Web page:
United States--History--Civil War, 1861-1865; Bruen, Augusta Forrer--Correspondence; United States--History--Civil War, 1861-1865--Women
Dayton O. July 31st 1861 Dear Luther, I was expecting to answer a letter tonight, but no letter came. I look anxiously for Congressional news, to see whether we meet at home or abroad. If it was not for your feeling hurt at being sent home, and did I not fear your being low spirited about your business, my joy at seeing you again in our own house, would be most intense. I often feel troubled too at the expense I have been put to for the journey; it is quite as small as I can make it; still if you do return, it will be almost useless. I have already drawn $50.00 and ought to draw that much more to pay my bills and the one at VanAusdal's. I only hesitate because I am afraid of being talked about at the Bank. Mary has come in for the night, and we have been talking a while. *Cuppy* has been making a fool of himself I should think, from all I can hear. He married Mrs. Laura *McAlps*, the spiritualist medium, who was lecturing here last winter. Report has it that C. is her third husband, and that the second one shot himself last winter. You had better be getting your money from that firm I am thinking. By the way what about the Journal? Mother told me *Comly* had presented a longer bill than you thought right; where are your receipts? Fielding Loury made his appearance here quite unexpectedly day before yesterday. Schenck's Brigade, consisting of three months men, had mostly disbanded, and Fielding is home on furlough. He says the panic was disgraceful. I think you would have laughed to have seen Frank and Robby today. Yesterday, Frank proposed to Rob, that R. should unbutton his drawers for him and he would reciprocate the favor. Robby went to work and did do it and Frank kept his word. This morning Frank again asked him to perform the same office, but without promising any reward; Robby again did it, but presented his back immediately with "mine, mine"; remembering the bargain of yesterday. Frank was exercised today on the "darkey" question. He wanted to know what made them black, for want of a better answer, I told him they were born black; then he asked if he was born black, and whether the colored people didn't stay too long in Buckeyes. Some one told him that he was a Buckeye boy and came out of a Buckeye. Howard is still confined to his room and was very much depressed this evening but the Doctor considers him better, and says he and Mother must go to Mr. Folletts' and Kelley's Island next week. Mr F. was here this morning and said his wife ordered him not to come back without Mother. I sent for your books by him. Jere and Henrietta started for Indiana this morning. Josey Crane has been bitten by a rattlesnake lately; and not long since Sallie killed one with a hoe. Both of the snakes were in the dooryard. Is not that delightful?_ I have been threatening Mary to draw her portrait as she lies stretched on my bed in 'undress uniform' bothering me so with her talk that I can't write. She feels safe because she says the paper is not long enough._ Well; well am I to have a letter to-morrow? if hadn't give you a "Blue Pill' the last time I wrote I would give you one this time. It is a wicked thing to give in any shape whatever and I was sorry I could send you nothing better. It was partly your fault however, for you should not be the dear good fellow you are and always have been. Wouldn't you get a good 'mug' as Robby says, if you were here tonight? The little fellow almost sprains my neck he hugs so hard. I have not seen the 'sisters' lately. I have been very busy, and the weather has been extremely hot._ It is late, so I'll to bed, hoping to know something more definite about you in a few days. Don't be troubled dearest, if you are sent home; we all feel as if we would rejoice at it, unless you are mortified at it. #Good night - dear dear Husband. Thine ever, Augusta.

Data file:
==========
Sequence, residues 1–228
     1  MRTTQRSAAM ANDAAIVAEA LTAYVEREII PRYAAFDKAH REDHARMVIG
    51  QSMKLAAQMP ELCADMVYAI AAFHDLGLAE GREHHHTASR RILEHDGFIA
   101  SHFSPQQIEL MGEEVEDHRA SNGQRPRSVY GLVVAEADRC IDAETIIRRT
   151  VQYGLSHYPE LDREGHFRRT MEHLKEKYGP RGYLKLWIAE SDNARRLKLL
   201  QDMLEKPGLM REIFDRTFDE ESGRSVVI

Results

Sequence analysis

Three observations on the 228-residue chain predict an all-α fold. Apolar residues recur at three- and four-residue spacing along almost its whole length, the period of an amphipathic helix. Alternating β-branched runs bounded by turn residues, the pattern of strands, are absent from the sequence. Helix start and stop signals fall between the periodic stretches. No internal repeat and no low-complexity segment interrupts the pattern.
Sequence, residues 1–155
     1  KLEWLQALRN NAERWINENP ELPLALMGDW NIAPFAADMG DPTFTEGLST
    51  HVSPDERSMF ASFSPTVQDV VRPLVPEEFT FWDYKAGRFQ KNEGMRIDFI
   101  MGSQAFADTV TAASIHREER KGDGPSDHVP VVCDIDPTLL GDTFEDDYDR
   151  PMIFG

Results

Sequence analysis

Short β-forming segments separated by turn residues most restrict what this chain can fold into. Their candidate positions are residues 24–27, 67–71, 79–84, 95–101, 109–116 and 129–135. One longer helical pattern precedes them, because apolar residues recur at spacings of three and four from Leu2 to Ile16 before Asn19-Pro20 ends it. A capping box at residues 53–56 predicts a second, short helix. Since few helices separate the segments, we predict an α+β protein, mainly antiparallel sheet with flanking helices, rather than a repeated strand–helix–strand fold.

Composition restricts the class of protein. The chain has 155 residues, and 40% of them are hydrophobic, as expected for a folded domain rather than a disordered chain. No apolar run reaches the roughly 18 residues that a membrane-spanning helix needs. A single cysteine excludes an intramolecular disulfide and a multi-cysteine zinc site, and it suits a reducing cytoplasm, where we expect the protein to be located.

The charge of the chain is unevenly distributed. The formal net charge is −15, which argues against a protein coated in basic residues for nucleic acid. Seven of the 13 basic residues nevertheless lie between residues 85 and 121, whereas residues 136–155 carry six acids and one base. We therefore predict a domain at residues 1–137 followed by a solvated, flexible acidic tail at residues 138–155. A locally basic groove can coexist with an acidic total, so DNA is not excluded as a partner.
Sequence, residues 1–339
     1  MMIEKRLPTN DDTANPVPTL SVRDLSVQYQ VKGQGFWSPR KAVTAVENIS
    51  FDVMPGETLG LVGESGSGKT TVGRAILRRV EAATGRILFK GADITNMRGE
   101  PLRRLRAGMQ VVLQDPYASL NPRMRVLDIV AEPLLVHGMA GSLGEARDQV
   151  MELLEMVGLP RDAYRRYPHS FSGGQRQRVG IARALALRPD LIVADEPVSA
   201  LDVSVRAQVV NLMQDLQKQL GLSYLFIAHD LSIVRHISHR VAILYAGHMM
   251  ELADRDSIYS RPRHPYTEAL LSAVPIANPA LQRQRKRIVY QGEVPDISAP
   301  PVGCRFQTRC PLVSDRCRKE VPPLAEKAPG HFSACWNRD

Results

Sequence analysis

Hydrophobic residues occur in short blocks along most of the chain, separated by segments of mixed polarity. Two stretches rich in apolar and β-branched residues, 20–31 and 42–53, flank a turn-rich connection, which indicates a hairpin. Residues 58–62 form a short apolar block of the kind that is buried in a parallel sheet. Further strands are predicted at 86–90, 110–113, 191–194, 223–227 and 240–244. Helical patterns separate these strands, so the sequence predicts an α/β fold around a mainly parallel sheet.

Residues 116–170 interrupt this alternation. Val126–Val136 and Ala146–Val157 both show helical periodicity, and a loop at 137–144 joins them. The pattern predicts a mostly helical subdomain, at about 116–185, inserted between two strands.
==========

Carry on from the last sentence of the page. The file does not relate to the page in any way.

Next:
Catharine Mitchill '31 Collection of Family Letters, Wellesley College Library, Special Collections